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Labor of lust: A talk with Grammy winner, banjo phenom Kyle Tuttle

Kyle Tuttle will play the Asheville Music Hall Feb. 16. Jay Strausser photo Kyle Tuttle will play the Asheville Music Hall Feb. 16. Jay Strausser photo

When it comes to bluegrass banjo, you’d be hard-pressed to find as vivacious and voracious a picker-n-grinner than Kyle Tuttle. 

“One major thing that sets bluegrass music apart from other genres is that many of the listeners are pickers themselves — bluegrass music sounds even better on the front porch than it does on a big stage,” Tuttle said. “And there’s a canon of songs and tunes that everyone knows and plays together, on and off stage — bluegrass fans are truly a part of the music.”

Hailing from the backwoods of Cumming, Georgia, Tuttle was, at least initially, a punk rocker and metal-head, one where the six-string electric guitar was his obsession from an early age. First playing guitar at age five, his grandparents handed him a banjo on his 17th birthday.

“By then, I had gotten into bluegrass on guitar and was picking with buddies,” the 37-year-old said. “But, the banjo really just lit a fire under me. By [age] 21, I had put down the guitar and considered myself a banjo player.”

With a hardscrabble DIY ethos and “never surrender” attitude from his teenage punk days, Tuttle parlayed those sentiments into the sonic scope of the “high, lonesome sound.”

“I’ve always done things my own way, not usually on the beaten path. No need for the big machine,” Tuttle said. “That’s what I loved about music from the beginning — the idea you can create music and then create a whole aesthetic around that music, too. Once I’ve decided how I’m going to do a thing, good luck changing my mind. And I do believe that has been to my advantage professionally.”

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Beyond starting and touring with his own bands throughout the early chapters of his musical odyssey, Tuttle eventually landed in Nashville, Tennessee, some 12 years ago. Bouncing around the live music circuit from the Atlantic to the Pacific, Tuttle also held a three-year stint in the famed Jeff Austin Band.

“The community of artists [in Nashville] is not only the best in the business, but it’s actually very supportive and inviting,” Tuttle said. “Also, you’re not going to get the last-minute call to play the [Grand Ole] Opry if you don’t live in Nashville.” 

And through that vast landscape of musicians in Music City, Tuttle crossed paths with the likes of guitar virtuoso Molly Tuttle (no relation). Molly soon brought Kyle into the fold of her renowned band Golden Highway — a rocket ship of sound and presence, this fusion of bluegrass, Americana and indie-folk.

To note, Molly Tuttle & Golden Highway recently won the Grammy Award for “Best Bluegrass Album,” the group’s second in that category in as many years. The ensemble also received the 2023 International Bluegrass Music Association (IBMA) honors for “Album of the Year” and “Song of the Year.”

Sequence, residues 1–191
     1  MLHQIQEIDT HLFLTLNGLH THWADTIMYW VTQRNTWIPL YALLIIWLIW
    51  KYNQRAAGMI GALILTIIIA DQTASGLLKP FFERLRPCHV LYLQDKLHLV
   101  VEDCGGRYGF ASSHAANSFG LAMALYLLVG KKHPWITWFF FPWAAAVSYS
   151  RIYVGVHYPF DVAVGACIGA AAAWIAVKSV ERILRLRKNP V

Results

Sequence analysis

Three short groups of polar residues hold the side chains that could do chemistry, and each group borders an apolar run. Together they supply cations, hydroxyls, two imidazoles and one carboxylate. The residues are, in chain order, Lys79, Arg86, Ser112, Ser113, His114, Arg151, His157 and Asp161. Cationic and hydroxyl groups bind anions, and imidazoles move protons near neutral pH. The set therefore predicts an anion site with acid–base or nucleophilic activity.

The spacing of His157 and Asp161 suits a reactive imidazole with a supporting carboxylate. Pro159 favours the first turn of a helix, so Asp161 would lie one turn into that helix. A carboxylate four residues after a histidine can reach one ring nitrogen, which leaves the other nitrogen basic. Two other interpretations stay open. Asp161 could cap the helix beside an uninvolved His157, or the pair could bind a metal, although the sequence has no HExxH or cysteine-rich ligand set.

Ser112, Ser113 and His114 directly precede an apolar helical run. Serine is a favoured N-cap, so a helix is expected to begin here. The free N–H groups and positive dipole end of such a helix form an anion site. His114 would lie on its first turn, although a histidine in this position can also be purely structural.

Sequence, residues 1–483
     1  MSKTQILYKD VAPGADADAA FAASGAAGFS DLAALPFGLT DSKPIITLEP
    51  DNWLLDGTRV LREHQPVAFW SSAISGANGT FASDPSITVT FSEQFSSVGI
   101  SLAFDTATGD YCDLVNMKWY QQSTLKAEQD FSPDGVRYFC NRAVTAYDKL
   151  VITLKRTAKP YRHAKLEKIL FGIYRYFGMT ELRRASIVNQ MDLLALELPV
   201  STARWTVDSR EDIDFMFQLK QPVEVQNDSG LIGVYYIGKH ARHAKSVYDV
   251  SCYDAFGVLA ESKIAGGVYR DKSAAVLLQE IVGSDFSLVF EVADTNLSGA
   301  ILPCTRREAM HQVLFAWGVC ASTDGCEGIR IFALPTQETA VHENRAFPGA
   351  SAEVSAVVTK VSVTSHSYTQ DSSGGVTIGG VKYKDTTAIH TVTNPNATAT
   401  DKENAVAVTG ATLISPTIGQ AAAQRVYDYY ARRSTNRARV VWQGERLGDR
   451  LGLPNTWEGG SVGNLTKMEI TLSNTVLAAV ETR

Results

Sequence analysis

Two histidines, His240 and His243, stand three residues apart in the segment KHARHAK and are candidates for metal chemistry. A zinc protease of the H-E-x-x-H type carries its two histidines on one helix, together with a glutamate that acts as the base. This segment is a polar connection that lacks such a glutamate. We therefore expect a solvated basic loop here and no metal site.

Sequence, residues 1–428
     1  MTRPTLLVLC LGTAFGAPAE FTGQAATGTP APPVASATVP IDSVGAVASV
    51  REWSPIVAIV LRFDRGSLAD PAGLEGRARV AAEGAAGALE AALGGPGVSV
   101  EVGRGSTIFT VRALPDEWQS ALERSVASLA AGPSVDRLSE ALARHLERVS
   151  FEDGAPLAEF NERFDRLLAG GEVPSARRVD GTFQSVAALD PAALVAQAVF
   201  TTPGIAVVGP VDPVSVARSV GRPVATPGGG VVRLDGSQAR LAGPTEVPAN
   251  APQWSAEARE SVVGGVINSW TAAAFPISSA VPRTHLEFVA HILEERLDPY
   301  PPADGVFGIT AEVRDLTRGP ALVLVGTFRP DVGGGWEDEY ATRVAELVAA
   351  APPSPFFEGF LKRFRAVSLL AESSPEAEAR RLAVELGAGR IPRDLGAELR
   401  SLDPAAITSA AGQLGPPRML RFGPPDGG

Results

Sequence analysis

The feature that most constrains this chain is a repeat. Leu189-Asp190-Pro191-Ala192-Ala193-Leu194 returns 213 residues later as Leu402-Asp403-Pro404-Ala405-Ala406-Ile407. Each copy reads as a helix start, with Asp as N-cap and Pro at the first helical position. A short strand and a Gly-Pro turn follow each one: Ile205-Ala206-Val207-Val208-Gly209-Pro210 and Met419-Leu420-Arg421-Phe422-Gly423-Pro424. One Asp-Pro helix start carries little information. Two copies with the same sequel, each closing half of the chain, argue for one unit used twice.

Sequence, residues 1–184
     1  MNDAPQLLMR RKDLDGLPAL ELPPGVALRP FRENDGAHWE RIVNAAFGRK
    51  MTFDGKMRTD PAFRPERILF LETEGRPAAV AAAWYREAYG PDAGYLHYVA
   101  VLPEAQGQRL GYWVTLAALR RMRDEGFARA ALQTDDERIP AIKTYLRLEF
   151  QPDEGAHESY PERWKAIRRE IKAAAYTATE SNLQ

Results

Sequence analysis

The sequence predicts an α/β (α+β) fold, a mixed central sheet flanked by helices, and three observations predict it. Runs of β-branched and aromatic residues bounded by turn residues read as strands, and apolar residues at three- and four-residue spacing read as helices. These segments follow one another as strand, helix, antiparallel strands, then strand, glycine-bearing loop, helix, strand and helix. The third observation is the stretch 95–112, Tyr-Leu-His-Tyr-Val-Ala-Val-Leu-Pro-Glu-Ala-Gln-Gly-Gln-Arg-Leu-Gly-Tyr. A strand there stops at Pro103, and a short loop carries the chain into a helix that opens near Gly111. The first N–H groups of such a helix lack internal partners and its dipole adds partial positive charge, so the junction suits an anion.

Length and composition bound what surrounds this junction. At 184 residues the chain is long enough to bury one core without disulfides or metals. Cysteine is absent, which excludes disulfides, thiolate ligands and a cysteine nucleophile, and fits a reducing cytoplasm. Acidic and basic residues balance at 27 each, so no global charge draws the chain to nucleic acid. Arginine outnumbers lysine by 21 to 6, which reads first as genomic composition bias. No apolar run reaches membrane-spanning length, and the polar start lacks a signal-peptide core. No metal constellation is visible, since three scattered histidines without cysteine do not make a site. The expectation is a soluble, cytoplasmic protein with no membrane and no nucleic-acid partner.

“Time has felt like a whirlwind lately. [It] has been a wild ride since our very first [Molly Tuttle & Golden Highway] show two years ago,” Kyle said. “I think we knew from the start this band would be something special, But, I could never have known that it would be like this. It feels very much like family and, in a lot of ways, it feels like we are just getting started.”

When not hitting the road extensively throughout the year with Golden Highway, Tuttle has managed to carve out some time for his own melodic endeavors. What has resulted his new album, “Labor of Lust,” which falls under the banner of the Kyle Tuttle Band.

A snapshot of where Tuttle currently is artistically, it spotlights not only his bluegrass and folk talents, but also his genuine sense of self — this heart-on-your-sleeve, devil-may-care musician simply wandering this big, crazy ole world in search of human interaction through the catalyst of his trusty five-string banjo.

“It’s the connection and shared human experience that keeps me getting back in the van, plane or bus. Each show is another chance to share an important chunk of time with other human beings,” Tuttle said. “Often, it’s joyous, but sometimes it’s sorrowful. It’s really both all the time. Somebody at the show is on top of the world. Somebody else is going through something really tough in their life. A love of music has brought all three of us there — for a few hours we raise our voices together.”

And through his continued journey — of the banjo, the open road and life itself — Tuttle can’t help but reflect on his time with the late, great Jeff Austin. The former Yonder Mountain String band founder and lead singer, Austin passed away tragically in 2019. But, not before Tuttle was able to witness and immerse himself in the legend and lore that was Jeff Austin.

“[Jeff] was the ultimate showman. He could get a crowd so amped up, [this] ‘take-no-prisoners’ energy about the way he played,” Tuttle said. “I try hard to carry that energy with me onstage now, every time. I learned about connecting to a crowd and creating an experience together. Each night is its own event and unique [in itself] — just because a song went one way last night, doesn’t mean it has to go that way tonight.”

Want to go?

A rising bluegrass/indie-folk act, the Kyle Tuttle Band will hit the stage at 11 p.m. Friday, Feb. 16, at the Asheville Music Hall.

An official Billy Strings after-party, doors open at 10:30 p.m. Tickets are $15 per person. Ages 21 and up.

For more information and/or to purchase tickets, go to ashevillemusichall.com.

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